174403 When policy meets practice: Integrating mental health into pediatric practice

Tuesday, October 28, 2008: 2:30 PM

Karen Hacker, MD MPH , Institute for Community Health, Cambridge Health Alliance, Cambridge, MA
Aaron Kirby, MA , Institute for Community Health, Cambridge Health Alliance, Cambridge, MA
Eileen Dryden, PhD , Institute for Community Health, Cambridge Health Alliance, Cambridge, MA
Sybill Hyppolite, BA , Institute for Community Health, Cambridge Health Alliance, Cambridge, MA
Deborah Weidner, MD , Child Psychiatry, Cambridge Health Alliance, Cambridge, MA
The continuum of behavioral health screening, referral, assessment, and care is a community responsibility that no one sector can achieve independently. This presentation will discuss the challenges and benefits to a system when statewide policy meets local practice and its unexpected outcomes.

The Cambridge Health Alliance, an integrated public health care system, began screening for behavioral health in pediatric practices in 2003. With a grant to integrate behavioral and physical health, a validated tool-the Pediatric Symptom Checklist-was piloted at 2 of 11 sites. The rollout required education of physicians, practice management changes, relationship building between Pediatrics and Child Psychiatry, conversion of data to the electronic medical record, and ongoing compliance reporting. System-wide spread was slow. Additionally, relationships with community mental health and substance abuse providers were required to improve issues related to referral and communication and ensure that identified children received services. Despite efforts, competition and system obstacles continued to impede progress.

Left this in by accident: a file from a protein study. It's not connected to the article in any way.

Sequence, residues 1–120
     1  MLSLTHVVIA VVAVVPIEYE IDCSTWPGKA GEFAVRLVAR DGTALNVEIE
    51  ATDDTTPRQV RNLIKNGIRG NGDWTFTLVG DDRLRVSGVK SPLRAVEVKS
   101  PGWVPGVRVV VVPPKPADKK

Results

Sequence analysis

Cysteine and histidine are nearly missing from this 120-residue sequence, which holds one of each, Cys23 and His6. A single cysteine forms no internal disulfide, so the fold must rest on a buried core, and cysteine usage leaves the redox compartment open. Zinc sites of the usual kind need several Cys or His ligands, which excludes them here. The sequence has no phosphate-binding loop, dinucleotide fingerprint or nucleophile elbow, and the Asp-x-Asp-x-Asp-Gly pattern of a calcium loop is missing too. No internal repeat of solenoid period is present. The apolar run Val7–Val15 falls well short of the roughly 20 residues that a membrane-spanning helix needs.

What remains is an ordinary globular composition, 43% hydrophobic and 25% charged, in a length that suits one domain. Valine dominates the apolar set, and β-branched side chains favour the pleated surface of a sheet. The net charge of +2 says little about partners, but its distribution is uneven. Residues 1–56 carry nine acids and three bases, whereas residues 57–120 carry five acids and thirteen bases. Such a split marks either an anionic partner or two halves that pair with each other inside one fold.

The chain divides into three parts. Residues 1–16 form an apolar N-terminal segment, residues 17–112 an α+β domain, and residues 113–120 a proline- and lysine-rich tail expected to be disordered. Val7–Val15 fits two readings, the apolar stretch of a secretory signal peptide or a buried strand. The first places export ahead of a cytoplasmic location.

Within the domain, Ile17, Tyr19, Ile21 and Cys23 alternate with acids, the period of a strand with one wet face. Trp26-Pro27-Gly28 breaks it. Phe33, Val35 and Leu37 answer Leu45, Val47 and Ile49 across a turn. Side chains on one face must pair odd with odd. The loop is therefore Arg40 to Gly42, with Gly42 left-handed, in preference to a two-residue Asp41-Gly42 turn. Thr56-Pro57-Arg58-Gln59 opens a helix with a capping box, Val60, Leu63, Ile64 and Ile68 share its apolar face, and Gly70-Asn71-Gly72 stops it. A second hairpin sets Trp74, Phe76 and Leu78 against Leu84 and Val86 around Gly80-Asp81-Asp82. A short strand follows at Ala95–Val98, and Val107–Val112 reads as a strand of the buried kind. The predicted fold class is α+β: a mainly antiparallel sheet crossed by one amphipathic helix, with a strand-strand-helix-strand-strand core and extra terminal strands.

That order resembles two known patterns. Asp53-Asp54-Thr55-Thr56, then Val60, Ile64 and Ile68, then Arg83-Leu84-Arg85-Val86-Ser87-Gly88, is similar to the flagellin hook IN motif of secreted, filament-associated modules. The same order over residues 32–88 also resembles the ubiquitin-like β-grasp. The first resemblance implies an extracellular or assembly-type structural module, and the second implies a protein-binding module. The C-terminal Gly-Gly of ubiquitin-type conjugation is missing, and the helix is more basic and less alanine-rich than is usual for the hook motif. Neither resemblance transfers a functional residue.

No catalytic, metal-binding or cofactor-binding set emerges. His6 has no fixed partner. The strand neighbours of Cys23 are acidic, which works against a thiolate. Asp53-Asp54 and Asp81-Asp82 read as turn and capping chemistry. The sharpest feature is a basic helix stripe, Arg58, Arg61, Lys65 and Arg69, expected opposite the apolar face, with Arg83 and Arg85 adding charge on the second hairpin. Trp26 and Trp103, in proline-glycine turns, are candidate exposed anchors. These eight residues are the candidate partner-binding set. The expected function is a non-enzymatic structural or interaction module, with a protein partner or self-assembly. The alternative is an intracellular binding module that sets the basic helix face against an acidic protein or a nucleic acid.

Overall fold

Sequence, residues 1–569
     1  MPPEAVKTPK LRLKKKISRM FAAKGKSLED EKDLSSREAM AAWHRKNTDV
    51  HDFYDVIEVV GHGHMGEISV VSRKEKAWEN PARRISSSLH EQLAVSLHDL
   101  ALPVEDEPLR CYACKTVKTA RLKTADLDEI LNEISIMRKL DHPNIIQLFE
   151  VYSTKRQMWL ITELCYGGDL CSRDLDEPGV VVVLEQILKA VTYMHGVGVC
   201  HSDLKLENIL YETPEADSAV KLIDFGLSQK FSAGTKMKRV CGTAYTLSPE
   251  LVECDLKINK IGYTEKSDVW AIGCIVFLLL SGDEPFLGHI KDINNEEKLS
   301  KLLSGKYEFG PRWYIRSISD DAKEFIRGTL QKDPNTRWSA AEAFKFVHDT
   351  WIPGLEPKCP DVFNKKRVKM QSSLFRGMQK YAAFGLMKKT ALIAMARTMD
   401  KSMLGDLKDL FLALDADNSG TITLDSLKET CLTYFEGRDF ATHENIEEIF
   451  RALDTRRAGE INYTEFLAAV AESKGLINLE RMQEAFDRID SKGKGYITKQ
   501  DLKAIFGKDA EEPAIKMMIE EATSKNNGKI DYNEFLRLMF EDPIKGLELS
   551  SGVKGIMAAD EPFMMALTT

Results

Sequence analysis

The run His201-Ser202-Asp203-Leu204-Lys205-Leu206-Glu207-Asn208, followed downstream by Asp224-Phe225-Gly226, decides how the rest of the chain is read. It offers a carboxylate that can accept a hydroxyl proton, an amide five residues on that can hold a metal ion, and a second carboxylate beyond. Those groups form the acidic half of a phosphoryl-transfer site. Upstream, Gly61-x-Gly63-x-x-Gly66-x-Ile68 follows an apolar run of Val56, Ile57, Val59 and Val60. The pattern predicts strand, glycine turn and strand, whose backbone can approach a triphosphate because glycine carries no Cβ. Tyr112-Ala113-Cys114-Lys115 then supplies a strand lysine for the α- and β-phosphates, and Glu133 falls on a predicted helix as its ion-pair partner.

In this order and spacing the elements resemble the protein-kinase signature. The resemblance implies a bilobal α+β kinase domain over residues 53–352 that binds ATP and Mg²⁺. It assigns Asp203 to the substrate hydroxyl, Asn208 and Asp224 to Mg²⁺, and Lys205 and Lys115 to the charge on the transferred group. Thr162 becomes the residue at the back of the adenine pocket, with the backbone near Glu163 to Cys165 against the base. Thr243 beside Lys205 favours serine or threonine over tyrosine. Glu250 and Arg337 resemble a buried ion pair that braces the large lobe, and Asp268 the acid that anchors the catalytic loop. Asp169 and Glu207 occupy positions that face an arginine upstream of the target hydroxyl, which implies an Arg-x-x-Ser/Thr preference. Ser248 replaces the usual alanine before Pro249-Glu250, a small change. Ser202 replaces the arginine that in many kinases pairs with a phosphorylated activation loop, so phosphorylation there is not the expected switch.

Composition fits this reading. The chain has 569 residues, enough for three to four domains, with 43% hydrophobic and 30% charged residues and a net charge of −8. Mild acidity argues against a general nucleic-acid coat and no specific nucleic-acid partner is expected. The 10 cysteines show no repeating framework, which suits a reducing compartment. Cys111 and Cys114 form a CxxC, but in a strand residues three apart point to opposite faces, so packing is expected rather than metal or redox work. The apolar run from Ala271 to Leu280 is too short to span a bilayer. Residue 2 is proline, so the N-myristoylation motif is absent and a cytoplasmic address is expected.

In 2007, as a result of a major case related to child mental health, “Rosie D et al. v. Patrick”, MassHealth (Medicaid) required all pediatric primary care providers to use validated tools to screen children 0-21 years at their preventive visits. MassHealth would also provide reimbursement for screening.

The decision jumpstarted existing efforts and resulted in unexpected outcomes including the willingness to adopt screening and the deepening of relationships among disciplines. Collaborative efforts with other community providers are improving as it becomes clear that primary care and behavioral health providers must work together to implement the policy change.

Learning Objectives:
1. Learn about unexpected outcomes of policy at the local level 2. Describe the fundamental components necessary to screen for mental health in pediatrics 3. Identify the challenges to moving policy into practice.

Presenting author's disclosure statement:

Qualified on the content I am responsible for because: I have no financial interest in the topic area.
Any relevant financial relationships? No

I agree to comply with the American Public Health Association Conflict of Interest and Commercial Support Guidelines, and to disclose to the participants any off-label or experimental uses of a commercial product or service discussed in my presentation.